Acacia dangarensis Tindale & Kodela, Austral. Syst. Bot . 4: 586; 587, fig. 5 & 588, fig. 6 (1991)
Tree to 10 m high. Bark smooth, grey, later the base corrugated and blackish. Branchlets terete with 4–6 ridges c. 0.2 mm high, with numerous lenticels, glabrous. Young foliage-tips blackish brown, almost glabrous. Leaves: petiole 0.7–4.7 cm long, glabrous or with sparse, minute, white hairs, with a gland just below lowest pinnae to median; rachis 1.6–6 cm long, with 1 (rarely 2) gland(s) at base of pinnae, interjugary glands absent; pinnae 2–6 pairs, 3–7.8 cm long; pinnules 14–30 pairs, often arranged alternately except towards apex, linear, (2–) 4–9 (–13.5) mm long, 0.25–0.4 mm wide, with 1 central vein, glabrous, apex acute. Inflorescences mainly in axillary or terminal false-panicles. Heads 12–26-flowered, golden. Pods 3–8 cm long, 5–7 mm wide, subcoriaceous (young), light brown to black, glabrous.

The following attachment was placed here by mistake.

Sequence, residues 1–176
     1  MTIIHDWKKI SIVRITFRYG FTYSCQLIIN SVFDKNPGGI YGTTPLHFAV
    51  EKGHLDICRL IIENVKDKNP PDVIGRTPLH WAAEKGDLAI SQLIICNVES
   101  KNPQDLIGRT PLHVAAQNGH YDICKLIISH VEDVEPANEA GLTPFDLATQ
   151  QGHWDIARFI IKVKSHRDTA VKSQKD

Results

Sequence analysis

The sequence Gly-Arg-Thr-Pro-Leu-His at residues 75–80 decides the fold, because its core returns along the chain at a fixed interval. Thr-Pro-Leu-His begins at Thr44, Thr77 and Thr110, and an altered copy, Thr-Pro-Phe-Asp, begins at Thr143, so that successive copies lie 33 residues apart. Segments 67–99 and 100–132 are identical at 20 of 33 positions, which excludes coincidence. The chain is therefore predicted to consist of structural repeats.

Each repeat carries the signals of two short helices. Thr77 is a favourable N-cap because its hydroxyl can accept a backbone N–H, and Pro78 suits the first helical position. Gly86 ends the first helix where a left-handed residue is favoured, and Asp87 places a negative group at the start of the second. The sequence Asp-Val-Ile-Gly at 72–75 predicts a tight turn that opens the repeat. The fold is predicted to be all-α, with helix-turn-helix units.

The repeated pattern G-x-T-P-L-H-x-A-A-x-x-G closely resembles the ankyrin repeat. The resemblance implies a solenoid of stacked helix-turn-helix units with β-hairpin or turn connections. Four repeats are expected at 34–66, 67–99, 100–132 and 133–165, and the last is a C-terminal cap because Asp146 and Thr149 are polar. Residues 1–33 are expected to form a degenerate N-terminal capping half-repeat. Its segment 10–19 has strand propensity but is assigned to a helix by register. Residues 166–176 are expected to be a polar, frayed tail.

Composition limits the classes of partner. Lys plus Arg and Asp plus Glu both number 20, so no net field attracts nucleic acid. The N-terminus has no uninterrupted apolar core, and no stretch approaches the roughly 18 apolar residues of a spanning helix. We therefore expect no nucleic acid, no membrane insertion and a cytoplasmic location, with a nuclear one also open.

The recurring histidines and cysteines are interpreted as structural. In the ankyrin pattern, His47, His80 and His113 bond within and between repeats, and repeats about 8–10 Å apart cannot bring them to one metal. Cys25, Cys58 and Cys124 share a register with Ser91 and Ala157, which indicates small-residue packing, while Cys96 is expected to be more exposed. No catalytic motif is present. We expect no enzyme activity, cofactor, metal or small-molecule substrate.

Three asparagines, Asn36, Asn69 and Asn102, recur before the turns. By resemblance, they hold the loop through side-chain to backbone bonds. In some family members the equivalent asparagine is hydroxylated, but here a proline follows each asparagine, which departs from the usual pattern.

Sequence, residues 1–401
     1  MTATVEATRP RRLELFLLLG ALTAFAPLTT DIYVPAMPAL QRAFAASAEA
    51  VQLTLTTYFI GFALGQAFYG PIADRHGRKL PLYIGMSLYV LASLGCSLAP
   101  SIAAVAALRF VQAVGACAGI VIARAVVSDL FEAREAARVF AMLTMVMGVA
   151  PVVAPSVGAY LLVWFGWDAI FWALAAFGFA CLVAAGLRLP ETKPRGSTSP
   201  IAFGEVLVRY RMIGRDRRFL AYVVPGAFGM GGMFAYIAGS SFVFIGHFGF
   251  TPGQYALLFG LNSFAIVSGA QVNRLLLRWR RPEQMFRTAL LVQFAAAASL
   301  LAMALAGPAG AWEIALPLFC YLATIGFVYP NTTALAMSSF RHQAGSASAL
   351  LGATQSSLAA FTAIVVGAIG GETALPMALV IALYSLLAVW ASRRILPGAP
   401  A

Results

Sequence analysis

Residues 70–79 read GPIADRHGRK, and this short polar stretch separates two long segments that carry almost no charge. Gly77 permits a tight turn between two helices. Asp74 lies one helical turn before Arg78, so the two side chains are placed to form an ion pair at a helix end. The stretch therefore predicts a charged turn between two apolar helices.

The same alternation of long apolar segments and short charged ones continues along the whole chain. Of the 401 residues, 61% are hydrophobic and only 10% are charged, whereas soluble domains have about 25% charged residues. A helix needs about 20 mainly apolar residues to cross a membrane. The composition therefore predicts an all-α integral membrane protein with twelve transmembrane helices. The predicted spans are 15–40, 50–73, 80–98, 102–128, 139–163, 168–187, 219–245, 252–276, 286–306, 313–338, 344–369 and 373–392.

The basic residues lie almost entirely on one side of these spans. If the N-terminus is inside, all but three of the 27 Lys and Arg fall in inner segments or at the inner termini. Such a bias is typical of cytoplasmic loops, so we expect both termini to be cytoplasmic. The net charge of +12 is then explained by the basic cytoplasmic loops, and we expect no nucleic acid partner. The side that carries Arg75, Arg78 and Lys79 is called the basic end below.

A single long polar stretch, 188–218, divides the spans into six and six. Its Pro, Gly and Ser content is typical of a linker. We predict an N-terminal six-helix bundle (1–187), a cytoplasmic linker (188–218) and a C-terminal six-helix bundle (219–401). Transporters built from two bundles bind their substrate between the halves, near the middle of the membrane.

Endemic to Mt Dangar in Goulburn R. Natl Park, c. 35 km WSW of Muswellbrook in the Upper Hunter Valley, N.S.W. Grows in woodland on the basalt summit and rocky slopes; dominant or co-dominant with Eucalyptus moluccana and E. albens . Flowers Aug., Sept.; fruits Oct., Dec.
Allied to A. decurrens but lacks the prominently winged, sharp ridges on branchlets and often has a gland just above each secondary pulvinus.
Type of accepted name
Mt Dangar, 7.5 km W of Sandy Hollow, N.S.W., 17 Dec. 1979, R.Coveny 10527 & P.Hind ; holo: NSW; iso: A, AD, BRI, CANB, CHR, K, L, MEL, P, PERTH, TL, UC, US, Z.
M.D.Tindale & P.G.Kodela, loc. cit .; D.A.Morrison & S.J.Davies, in G.J.Harden (ed.), Fl. New South Wales 2: 391 (1991).
N.S.W.: Mt Dangar: 30 Aug. 1980, R.McRae (CANB, K, MEL, NSW); T.M.Tame 487 (CANB, K, NSW); T.Tame 1039 (NSW).
(MDT & PGK)